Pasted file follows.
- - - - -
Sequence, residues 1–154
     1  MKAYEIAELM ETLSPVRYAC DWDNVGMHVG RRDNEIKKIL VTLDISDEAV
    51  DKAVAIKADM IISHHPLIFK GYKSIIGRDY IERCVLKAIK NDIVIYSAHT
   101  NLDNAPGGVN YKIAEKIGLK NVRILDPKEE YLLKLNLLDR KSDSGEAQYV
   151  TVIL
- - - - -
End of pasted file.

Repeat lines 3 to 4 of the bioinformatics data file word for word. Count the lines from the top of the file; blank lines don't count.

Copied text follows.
    51  DKAVAIKADM IISHHPLIFK GYKSIIGRDY IERCVLKAIK NDIVIYSAHT
   101  NLDNAPGGVN YKIAEKIGLK NVRILDPKEE YLLKLNLLDR KSDSGEAQYV